What is the scale?

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What are the key scores?

What are its strengths?

What are its limitations?

performance of each criterion is associated with a score. The general tone item is evaluated through observation and handling during the assessment. Performance of each criterion is scored from 0 (most simple) to 6 (most complex) (Carr et al. 1985, Poole and Whitney 1988, Malouin et al. 1994, Sabari et al. 2005). The general tone item is scored such that a score of 4 represents optimal function while scores greater or less than 4 are indicative of degrees of hypertonus and hypotonus, respectively (Carr et al. 1985). Item scores, excluding general tonus, may be summed to provide an overall score (Malouin et al. 1994). Equipment required is commonly available in a variety of settings. The MAS provides a brief and simple means by which to evaluate the performance of motor tasks following stroke. The MAS is freely available in Carr et al. (1985). The item "general tonus" is difficult to assess reliably. Poole and Whitney (1988) and Malouin et al. (1994) noted problems in the scoring hierarchy associated with the advanced hand activities item. Assessment by proxy is not appropriate as evaluation is performance-based.

Summary

Reliability Validity Responsiveness Rigor Results Rigor Results Rigor Results Floor/Ceiling ++ +++ (TR) +++ ++ + + + +++(IO) NOTE: +++=Excellent; ++=Adequate; +=Poor; n/a = insufficient information; TR=Test re-test; IC= internal consistency; IO = Interobserver; varied (re. floor/ceiling effects; mixed results)

References Carr JH, Shepherd RB, Nordholm L, Lynne D. Investigation of a new motor assessment scale for stroke patients. Phys Ther 1985;65:175-180. Malouin F, Pichard L, Bonneau C, Durand A, Corriveau D. Evaluating motor recovery early after stroke: Comparison of the Fugl- Meyer assessment and the Motor Assessment Scale. Archives of Physical Medicine and Rehabilitation 1994;75:1206- 1212. Poole JL, Whitney SL. Motor Assessment Scale for stroke patients: concurrent validity and interrater reliability. Archives of Physical Medicine and Rehabilitation 1988;69:195-197. Sabari JS, Lim AL, Velozo CA, Lehman L, Kieran O, Lai JS. Assessing arm and hand function after stroke: a validity test of the hierarchical scoring system used in the motor assessment scale for stroke. Arch Phys Med Rehabil 2005;86:1609-1615.

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Motor-Free Visual Perception Test (MVPT)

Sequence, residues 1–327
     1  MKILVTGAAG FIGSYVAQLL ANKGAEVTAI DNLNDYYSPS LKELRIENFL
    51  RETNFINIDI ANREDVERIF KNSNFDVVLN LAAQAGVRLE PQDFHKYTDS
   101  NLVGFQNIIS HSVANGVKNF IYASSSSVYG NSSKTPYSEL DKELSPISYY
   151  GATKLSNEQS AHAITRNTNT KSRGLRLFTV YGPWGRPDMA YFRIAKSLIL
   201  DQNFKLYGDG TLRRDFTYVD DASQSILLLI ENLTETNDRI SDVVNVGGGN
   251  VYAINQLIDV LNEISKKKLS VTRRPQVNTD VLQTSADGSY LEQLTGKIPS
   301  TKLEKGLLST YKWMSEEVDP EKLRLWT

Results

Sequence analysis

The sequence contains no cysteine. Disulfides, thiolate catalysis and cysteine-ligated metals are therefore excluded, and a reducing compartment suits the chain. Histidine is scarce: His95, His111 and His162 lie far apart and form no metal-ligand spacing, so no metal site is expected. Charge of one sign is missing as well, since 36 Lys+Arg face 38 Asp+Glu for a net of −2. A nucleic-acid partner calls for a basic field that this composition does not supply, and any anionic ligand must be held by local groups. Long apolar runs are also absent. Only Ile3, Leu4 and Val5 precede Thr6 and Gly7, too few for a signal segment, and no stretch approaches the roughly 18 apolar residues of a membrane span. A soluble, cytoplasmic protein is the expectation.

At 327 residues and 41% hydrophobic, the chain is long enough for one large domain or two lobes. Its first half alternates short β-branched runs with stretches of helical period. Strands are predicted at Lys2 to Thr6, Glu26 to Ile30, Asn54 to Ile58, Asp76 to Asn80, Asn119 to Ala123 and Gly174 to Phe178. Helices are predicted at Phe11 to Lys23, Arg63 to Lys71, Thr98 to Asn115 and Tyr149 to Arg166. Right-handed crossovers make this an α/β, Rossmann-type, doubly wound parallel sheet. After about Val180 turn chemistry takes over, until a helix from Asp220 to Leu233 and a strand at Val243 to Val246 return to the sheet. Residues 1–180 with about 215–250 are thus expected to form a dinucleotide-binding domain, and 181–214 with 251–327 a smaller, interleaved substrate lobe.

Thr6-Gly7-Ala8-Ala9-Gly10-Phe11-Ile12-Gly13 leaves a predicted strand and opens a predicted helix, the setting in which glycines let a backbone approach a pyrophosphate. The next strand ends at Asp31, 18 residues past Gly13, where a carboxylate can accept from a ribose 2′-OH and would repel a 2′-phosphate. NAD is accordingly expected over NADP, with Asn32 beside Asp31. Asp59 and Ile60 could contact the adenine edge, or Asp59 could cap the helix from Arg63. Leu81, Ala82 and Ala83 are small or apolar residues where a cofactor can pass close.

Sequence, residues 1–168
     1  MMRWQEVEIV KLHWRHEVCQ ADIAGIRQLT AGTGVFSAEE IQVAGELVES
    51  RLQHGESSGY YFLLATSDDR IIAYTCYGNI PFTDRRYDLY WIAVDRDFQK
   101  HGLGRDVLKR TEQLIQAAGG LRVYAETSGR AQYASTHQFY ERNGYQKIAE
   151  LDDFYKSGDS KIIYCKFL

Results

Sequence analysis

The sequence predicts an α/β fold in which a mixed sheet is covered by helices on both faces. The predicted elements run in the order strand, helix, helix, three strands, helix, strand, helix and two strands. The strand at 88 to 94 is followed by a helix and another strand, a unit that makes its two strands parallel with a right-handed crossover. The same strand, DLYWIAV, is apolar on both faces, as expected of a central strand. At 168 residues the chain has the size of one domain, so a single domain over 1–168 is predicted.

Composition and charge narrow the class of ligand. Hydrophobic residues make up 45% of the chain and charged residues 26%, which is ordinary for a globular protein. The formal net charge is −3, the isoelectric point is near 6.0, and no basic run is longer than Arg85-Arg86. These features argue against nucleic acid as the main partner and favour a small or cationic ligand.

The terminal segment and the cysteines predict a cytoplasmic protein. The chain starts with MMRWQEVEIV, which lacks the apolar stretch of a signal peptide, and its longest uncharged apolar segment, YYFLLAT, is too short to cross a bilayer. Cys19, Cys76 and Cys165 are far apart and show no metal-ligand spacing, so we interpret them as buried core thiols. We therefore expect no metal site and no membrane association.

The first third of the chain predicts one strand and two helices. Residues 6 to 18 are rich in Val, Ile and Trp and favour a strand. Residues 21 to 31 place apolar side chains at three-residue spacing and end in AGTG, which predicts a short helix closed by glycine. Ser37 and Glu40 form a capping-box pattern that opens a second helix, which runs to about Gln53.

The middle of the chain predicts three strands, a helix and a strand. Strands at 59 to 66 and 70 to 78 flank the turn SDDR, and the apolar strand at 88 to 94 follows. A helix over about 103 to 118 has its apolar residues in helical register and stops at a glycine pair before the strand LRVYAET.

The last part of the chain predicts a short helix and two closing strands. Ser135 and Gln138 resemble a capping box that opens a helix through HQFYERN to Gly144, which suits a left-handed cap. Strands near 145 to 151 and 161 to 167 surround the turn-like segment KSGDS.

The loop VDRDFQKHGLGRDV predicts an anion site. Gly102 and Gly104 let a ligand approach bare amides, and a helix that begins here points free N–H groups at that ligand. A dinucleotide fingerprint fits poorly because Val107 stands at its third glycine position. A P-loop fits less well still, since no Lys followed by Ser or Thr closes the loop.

Q1. What is the MVPT? The MVPT measures visual perceptual skills. Q2. Describe the MVPT The MVPT measures visual perceptual skills in 5 areas: spatial relations, visual discrimination, figure-ground discrimination, visual closure and visual memory. The test consists of 36 items involving two dimensional configurations presented on separate cards or plates. Each plate consists of an example and a multiple choice response set of four alternative. One point is given for each correct response and scores range from 0 to 36. In addition to summary scores, the time to complete each item is noted and an average time per item is calculated. The test takes 10-15 minutes to administer and 5 minutes to score. Q3. What are the Advantages of the MVPT? Widely used, standardized test of visual perception (Mazer et al. 1998). Both simple, short (15 minutes) and well tolerated by subjects (Su et al. 2000). Age-specific norms are available for adults allowing for appropriate adjustment for age (Mazer et al. 1998). Q4. What are the Limitations of the MVPT? Provides a global score and therefore, gives less information about specific visual dysfunction than a scale providing domain-specific scores (Su et al. 2000). Q5. How does the MVPT Assess Driving? MVPT scores, using a cut-off of < 30, were significantly associated with driving test outcome (pass vs. fail) post-stroke. Poor MVPT scores were predictive of poor driving outcome (Mazer et al. 1998). Motor-Free Visual Perceptual Test Questions What does it measure? What is the scale? Answer The MVPT measures visual perceptual skills. The MVPT measures visual perceptual skills in 5 areas. The test consists of 36 items involving two dimensional configurations presented on separate cards or plates. Each plate consists of an example and a multiple choice response set of four alternative. One point is given for each correct response. The time to complete each item is noted and an average time per item is calculated. One point is given for each correct response and scores range from 0 to 36. MVPT scores, using a cut-off of < 30, were